We discuss the progress of the research. In some cases, we discuss the lack of progress of the research. We hammer out details. We work out plans. We pour over the data. We celebrate our successes and bemoan our shortcomings.
But there is one thing that we’ve yet to achieve after nearly 3,000 hours of meetings: We can’t stop the “off-line” discussions.
It starts as nods to one another. Then progress to leaning in and whispering. Then it turn into an entire conversation that happens while the work of the meeting is in process.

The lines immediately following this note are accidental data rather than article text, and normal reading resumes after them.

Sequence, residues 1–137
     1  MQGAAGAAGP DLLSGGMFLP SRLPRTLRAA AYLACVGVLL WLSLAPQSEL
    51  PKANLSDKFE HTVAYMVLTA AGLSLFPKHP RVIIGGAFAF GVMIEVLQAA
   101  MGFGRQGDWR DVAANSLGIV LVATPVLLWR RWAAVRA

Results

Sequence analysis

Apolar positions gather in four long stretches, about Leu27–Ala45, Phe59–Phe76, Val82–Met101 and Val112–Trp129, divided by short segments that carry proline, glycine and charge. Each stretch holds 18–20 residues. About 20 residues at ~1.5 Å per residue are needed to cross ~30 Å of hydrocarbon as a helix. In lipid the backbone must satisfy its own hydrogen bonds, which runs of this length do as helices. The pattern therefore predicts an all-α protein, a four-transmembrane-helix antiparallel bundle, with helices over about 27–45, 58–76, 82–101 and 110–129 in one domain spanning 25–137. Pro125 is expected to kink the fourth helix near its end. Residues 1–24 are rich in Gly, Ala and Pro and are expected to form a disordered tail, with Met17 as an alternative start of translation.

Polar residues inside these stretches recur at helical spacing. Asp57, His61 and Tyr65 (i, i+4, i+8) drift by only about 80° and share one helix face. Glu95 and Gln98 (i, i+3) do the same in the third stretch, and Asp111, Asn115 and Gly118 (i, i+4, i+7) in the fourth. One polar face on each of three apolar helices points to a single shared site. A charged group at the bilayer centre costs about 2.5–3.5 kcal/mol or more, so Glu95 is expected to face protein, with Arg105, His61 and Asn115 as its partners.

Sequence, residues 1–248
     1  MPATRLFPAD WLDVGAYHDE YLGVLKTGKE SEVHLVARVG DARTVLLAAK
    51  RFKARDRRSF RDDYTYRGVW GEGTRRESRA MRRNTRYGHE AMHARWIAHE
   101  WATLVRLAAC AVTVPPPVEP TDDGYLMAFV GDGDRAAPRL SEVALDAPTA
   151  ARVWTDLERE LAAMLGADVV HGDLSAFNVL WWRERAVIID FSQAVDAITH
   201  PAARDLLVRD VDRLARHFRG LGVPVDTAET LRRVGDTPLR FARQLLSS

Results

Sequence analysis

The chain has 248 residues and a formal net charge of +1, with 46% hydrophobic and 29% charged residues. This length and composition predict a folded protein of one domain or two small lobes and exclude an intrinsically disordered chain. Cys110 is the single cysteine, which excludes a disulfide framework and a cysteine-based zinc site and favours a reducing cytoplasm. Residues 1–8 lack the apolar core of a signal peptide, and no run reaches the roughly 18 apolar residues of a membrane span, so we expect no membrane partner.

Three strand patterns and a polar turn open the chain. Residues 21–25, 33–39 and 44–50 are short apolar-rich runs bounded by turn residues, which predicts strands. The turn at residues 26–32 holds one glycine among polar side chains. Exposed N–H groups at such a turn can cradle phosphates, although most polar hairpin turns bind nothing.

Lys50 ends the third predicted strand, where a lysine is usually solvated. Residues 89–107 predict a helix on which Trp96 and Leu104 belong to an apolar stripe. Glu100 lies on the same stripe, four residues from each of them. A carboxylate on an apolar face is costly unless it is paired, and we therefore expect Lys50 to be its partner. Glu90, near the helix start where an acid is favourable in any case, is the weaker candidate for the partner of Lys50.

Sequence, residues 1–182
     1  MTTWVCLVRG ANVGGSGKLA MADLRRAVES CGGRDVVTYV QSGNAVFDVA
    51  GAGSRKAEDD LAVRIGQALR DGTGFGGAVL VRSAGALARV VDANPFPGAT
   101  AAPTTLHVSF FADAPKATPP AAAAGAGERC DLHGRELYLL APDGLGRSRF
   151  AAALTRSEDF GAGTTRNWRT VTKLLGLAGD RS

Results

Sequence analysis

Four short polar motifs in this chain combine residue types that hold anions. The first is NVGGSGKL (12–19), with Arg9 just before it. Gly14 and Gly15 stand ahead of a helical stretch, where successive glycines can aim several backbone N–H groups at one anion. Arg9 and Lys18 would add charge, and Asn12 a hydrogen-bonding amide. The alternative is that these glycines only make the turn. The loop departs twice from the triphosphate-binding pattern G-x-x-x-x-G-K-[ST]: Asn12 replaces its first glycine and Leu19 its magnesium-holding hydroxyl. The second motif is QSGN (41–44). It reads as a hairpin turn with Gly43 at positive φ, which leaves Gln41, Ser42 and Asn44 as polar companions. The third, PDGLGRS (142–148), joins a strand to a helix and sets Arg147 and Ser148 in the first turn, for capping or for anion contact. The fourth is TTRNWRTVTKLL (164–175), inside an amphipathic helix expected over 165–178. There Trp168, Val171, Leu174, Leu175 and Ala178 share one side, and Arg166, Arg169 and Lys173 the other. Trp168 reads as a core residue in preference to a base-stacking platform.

Of course, the work stops and we turn to the offenders, as if they are five-years-old and ask, “Gary and Donna (not their real names), do you have something you would like to add to the meeting?”
The answer is always, “No.” and is usually followed by a few moments of embarrassed silence and then a giggle.
I just don’t get it. We are professional people doing real-world work. It blows my mind to see grownups acting like children. And so I usually pout and throw a fit and make a big scene.
It’s always a fun time.
Oh, and on a personal note, I didn’t exercise because 11 hours of my day were spent at work but I did eat very well, drank a gallon of water and stayed away from diet pop. I’m feeling good about that.